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Maxwell paving the way for GSU
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Georgia Southern offensive lineman William Maxwell (51) prepares to block in the Eagles game against The Citadel at Paulson Stadium November 5.

Some might have considered it a gamble to move a starting guard to center for the biggest game of the season.

However, it wasn’t much of a decision for Georgia Southern coach Jeff Monken and offensive coordinator Brent Davis, who also is the Eagles’ offensive line coach.

The two knew the caliber of player and individual they were moving.

Collectively, the players who make up the Eagle offensive line are probably the most intelligent group on the team, and William Maxwell just may be the brightest of the bunch.

Maxwell, whom Monken considers to be the best offensive lineman in the Southern Conference, was performing well at right guard, and the Eagles were one of the top rushing teams in the nation.

However, after running for only 135 yards at Appalachian State, and 191 a week later against The Citadel, the Eagles coaches decided to tweak the offense going into the final two games of the season at Wofford and Alabama.

Dominique Swope was moved into the starter’s role at fullback, and Maxwell was moved to center, a position he said he had last played in middle school.

The moves have paid big dividends.

Swope, who did not have a rushing attempt against either App or the Bulldogs, blistered Wofford for 165 yards in the SoCon title -clinching game, and then had 153 against the Crimson Tide, including a stunning 82-yard touchdown run.

Georgia Southern’s 302 yards rushing was the most Alabama had allowed since 2004, and 161 more than LSU gained two weeks earlier.

The Maxwell move, however, may have been the most significant. Both the Terriers and Tide play a 3-4 defense, and Monken believed Maxwell would do a better job when it came to blocking the nose man.

"Willie is our best base blocker," Monken said. "Their defense (Wofford, Alabama) has a man over center. A stat we can correlate with having a good day is knockdowns, and Willie had 17 against Wofford. He led our team in double-digit knockdown games.

"He had never played center in his high school or college career," Monken said. "But, we didn’t have a center-quarterback exchange problem, or on snaps in the gun."

Things could change, however, when the No. 3 Eagles (9-2) face No. 10 Old Dominion (10-2) at 1 p.m. on today at Paulson Stadium in the second round of the FCS playoffs.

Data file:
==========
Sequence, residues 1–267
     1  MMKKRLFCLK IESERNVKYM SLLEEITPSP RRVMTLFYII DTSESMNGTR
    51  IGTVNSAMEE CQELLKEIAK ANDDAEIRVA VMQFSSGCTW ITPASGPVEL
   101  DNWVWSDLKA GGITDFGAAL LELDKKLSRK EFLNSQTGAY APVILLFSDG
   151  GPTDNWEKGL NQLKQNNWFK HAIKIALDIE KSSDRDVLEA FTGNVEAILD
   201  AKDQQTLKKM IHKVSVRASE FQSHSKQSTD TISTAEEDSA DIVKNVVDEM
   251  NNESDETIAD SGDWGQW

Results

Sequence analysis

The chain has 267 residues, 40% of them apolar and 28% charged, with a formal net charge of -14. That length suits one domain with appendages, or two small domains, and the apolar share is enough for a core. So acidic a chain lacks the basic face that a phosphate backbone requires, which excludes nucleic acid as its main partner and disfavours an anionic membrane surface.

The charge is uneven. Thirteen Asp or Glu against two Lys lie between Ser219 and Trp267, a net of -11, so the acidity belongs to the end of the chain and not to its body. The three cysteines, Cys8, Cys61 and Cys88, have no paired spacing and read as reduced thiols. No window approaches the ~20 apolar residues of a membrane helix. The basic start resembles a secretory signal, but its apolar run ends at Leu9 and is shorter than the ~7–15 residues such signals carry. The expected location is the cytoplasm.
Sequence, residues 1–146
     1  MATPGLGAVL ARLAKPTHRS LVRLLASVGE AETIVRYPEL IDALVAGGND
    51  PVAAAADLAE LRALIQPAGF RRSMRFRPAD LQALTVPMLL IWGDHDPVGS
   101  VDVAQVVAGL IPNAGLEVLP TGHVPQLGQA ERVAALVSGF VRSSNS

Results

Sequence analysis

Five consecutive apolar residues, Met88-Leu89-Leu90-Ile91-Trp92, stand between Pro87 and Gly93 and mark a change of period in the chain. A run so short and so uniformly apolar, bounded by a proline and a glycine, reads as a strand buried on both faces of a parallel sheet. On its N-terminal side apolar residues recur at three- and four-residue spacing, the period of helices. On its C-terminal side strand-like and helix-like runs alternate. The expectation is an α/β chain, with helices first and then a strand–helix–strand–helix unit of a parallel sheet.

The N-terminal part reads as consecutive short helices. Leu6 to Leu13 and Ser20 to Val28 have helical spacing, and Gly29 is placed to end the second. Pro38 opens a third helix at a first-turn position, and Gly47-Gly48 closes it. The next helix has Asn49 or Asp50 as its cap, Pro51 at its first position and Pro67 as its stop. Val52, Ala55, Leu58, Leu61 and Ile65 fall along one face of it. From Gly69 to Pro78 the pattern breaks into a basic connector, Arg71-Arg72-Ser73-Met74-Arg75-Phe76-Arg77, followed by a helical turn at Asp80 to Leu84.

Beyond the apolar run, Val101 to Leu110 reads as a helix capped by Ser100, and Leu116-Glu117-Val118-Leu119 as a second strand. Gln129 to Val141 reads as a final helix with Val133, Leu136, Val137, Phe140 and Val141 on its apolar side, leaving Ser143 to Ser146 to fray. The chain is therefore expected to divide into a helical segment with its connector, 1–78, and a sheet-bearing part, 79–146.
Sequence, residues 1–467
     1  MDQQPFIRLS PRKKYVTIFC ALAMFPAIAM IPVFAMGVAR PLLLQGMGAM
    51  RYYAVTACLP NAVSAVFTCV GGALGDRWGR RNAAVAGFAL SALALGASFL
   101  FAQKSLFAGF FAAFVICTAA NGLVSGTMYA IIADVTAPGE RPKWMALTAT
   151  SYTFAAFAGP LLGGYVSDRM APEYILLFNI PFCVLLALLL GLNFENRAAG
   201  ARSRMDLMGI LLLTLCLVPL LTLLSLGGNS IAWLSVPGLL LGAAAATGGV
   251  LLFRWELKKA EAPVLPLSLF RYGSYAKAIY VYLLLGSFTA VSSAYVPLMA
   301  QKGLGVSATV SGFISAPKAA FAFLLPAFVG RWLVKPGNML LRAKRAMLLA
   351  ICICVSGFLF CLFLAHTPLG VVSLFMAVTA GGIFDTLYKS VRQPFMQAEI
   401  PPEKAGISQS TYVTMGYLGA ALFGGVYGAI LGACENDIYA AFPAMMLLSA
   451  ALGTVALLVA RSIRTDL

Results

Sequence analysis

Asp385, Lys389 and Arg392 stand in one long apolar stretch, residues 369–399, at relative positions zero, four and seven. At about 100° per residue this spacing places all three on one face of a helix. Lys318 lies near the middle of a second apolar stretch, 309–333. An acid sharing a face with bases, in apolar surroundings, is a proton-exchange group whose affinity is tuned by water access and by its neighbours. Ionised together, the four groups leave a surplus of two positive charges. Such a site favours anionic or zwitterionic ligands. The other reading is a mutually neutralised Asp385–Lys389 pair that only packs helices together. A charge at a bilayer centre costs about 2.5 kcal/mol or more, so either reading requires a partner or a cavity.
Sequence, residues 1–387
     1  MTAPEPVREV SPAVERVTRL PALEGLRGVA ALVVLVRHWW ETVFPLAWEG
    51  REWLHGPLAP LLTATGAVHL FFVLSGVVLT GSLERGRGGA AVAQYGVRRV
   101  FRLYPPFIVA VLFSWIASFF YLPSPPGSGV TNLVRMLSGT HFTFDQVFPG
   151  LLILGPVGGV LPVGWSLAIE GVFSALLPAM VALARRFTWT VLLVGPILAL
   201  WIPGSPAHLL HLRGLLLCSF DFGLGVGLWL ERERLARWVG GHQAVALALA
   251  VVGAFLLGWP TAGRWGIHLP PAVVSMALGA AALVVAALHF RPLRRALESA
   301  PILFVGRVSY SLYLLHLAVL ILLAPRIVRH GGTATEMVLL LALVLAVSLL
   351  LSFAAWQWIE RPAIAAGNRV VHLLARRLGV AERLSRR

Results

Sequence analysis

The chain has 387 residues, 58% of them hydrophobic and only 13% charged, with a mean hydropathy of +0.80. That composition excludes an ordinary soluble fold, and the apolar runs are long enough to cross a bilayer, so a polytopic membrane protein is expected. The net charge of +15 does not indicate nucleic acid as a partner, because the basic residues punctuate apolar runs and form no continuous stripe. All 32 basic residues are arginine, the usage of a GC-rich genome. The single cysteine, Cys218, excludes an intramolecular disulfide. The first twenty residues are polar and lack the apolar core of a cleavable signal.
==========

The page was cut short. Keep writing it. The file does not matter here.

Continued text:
The high-powered Monarchs employ a four- man defensive front, and when asked if Maxwell would be at center Monken said, "We’ll have to see."

The one thing that will be a certainty though is that Maxwell, who was a first- team All-SoCon pick by the media and second-team by the coaches, will be in the starting lineup.

"Why he didn’t win the Jacobs Award is beyond me," Monken said. "I nominated him. There are a lot of good offensive linemen in our league and the kid at Wofford is a good one, but I think Willie is the best in the league."

The Jacobs Award goes annually to the best offensive lineman in the conference. The last GSU player to win it was center Charles Clarke in 2002.

Maxwell, a psychology major who plans to be a psychiatrist, did not consider the move to center to be a big deal.

"Everyone’s job is equally hard," Maxwell said. "We all work hard every day, and every position is difficult to learn. Center, guard, all works about the same. It’s just different technique."

A 6-foot-1, 283-pound senior who played at Brooks County High School in Quitman, Maxwell understands it all starts with him.

"The important thing is to get the ball to the quarterback," Maxwell said. "You have to focus on that. You have to snap and step. At guard you just have to go on the snap.

"If there’s a problem with the exchange it’s almost always the center’s fault," Maxwell said. "You have to do a good job, especially with the option. You have to get the ball up or there’s going to be a problem."

And, there’s also the additional responsibility of making all the line calls.

"That’s really not as complex as it seems," Maxwell said. "The quarterback helps you out with a lot of those calls. You can see, and he’s standing. It all works hand-in-hand. It just becomes second nature.

"You have to have good communication with your quarterback, too. Jaybo and I talk after every snap. He gives me great feedback."